Shielded contacts 133a and 133b (included in those represented by the shielded contacts 133) are used to connect lines for transmitting horizontal synchronizing pulses ΦH1 and ΦH2 at, for example, 8 MHz; a shielded contact 133c is used to connect a line for transmitting reset pulses ΦR at about 16 MHz; a shielded contact 133d is used to connect a cable for supplying dummy signals at about 16 MHz for eliminating noise mixed in a signal output from the SID 17; a shielded contact 133e is used to connect a line for transmitting an SID output signal at about 16 MHz; and pin contacts 137a, 137b, 137c and 137d are used to connect lines for transmitting vertical synchronizing pulses ΦV1 to ΦV4 at about 16 KHz. Among these signals, high-frequency signals cause noises in low-frequency signals and there is no considerable noise exchange between the low-frequency signals. In regard of exchange of noises, therefore, these signals are separated into four groups: one which consists of the vertical synchronizing pulses ΦV1 and ΦV2 ; one which consists of the horizontal synchronizing pulses ΦH1 and ΦH2 ; one which consists of the reset pulses ΦR; and one which consists of the output signal VOUT and the dummy signal.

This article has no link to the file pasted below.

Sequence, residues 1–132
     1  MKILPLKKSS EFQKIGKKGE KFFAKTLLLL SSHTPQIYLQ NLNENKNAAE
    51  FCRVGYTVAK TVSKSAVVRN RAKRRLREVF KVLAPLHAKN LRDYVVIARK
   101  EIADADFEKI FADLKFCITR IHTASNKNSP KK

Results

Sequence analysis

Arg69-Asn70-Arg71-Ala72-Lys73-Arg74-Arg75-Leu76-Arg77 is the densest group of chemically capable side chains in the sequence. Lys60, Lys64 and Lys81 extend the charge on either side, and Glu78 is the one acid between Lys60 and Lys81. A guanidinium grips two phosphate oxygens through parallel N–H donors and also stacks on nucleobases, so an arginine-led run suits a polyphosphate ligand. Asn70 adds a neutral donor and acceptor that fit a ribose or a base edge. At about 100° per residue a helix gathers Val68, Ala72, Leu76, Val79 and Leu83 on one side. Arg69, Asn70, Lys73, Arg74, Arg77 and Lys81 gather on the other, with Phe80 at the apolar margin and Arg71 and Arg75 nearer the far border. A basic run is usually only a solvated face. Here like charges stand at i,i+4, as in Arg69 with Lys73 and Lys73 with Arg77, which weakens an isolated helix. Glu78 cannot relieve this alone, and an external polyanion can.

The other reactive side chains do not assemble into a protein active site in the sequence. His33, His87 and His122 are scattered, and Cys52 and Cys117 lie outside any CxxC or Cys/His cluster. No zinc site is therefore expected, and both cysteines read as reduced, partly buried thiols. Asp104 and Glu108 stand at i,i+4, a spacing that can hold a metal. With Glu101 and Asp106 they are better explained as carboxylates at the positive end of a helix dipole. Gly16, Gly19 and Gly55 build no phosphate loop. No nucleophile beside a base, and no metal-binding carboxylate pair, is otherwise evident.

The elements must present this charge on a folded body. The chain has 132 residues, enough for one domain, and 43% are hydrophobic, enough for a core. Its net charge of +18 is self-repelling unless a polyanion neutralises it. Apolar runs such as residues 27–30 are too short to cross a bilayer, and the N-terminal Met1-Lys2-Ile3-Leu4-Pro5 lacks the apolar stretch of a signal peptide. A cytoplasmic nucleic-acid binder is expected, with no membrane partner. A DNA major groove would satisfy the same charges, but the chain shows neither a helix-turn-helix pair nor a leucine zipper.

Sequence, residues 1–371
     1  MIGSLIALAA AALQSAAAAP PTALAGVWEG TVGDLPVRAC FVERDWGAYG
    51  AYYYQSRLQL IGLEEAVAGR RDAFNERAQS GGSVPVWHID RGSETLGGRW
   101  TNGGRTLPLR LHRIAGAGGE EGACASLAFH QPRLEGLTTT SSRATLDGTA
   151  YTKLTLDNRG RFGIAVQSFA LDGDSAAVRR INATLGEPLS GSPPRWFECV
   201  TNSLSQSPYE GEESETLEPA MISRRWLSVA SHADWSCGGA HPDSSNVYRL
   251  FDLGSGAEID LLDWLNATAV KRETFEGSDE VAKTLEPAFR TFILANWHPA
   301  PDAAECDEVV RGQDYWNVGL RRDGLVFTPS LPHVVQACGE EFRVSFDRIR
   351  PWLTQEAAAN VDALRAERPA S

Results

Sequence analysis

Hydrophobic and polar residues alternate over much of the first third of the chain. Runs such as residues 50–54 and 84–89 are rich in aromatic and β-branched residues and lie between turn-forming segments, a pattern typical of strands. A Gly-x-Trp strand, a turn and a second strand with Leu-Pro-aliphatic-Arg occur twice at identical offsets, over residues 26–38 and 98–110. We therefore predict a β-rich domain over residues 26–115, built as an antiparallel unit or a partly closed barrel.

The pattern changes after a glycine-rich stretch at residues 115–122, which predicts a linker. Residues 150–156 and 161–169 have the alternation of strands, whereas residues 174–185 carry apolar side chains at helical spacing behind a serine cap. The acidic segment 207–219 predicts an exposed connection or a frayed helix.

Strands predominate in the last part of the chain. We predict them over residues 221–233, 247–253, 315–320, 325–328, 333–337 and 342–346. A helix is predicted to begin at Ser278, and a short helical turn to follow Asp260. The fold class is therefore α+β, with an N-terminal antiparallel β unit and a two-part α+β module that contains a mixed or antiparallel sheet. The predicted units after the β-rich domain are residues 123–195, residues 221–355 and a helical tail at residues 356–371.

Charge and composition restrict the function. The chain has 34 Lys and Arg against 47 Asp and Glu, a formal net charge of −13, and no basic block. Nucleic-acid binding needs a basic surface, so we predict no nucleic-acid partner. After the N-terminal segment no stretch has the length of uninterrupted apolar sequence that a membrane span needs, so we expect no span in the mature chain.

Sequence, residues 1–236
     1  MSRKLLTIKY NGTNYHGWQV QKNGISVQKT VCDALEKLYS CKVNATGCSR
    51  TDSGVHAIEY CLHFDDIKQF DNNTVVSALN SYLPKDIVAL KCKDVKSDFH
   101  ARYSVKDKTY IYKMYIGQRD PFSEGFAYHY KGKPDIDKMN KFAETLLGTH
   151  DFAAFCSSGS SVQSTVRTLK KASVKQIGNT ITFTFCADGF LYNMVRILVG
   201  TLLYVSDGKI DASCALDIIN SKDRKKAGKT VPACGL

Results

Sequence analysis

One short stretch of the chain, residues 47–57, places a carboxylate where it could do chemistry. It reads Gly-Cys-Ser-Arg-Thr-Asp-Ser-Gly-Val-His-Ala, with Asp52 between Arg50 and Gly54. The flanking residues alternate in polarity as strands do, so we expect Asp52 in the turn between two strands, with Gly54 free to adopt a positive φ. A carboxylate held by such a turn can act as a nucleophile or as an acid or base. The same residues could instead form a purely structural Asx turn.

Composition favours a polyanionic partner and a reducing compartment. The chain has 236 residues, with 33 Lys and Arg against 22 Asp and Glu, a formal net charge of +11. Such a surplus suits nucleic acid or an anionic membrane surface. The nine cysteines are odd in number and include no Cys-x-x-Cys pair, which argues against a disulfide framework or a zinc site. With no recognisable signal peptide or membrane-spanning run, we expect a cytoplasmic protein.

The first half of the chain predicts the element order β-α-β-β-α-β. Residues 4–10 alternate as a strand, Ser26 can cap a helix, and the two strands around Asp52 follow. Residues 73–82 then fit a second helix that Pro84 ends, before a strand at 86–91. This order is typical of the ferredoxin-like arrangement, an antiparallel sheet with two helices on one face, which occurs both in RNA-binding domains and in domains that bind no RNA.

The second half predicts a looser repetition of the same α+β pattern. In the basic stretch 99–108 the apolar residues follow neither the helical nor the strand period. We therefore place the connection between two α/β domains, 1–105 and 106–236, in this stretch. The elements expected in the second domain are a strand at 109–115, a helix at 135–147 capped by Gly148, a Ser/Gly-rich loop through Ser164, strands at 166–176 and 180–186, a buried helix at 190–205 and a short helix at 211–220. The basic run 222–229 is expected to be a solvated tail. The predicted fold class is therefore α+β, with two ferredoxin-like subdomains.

The output signal VOUT and the dummy Signal are high-frequency signals of about 16 MHz and are analog to each other. The degree of noise exchange between them is small. Therefore, they can be treated in the same group. Also, it is desirable to treat them in the same group in order to equalize the levels of noises mixed in these signals as exactly as possible.
In the first embodiment, these groups of signals are shielded from each other. In this embodiment, however, the contacts for each of the above-described signals (except for vertical synchronizing pulses ΦV1 and ΦV2 are shielded contacts as described above, and only portions of the lines to be shielded are grouped, each line being connected by one shielded single-pin contact.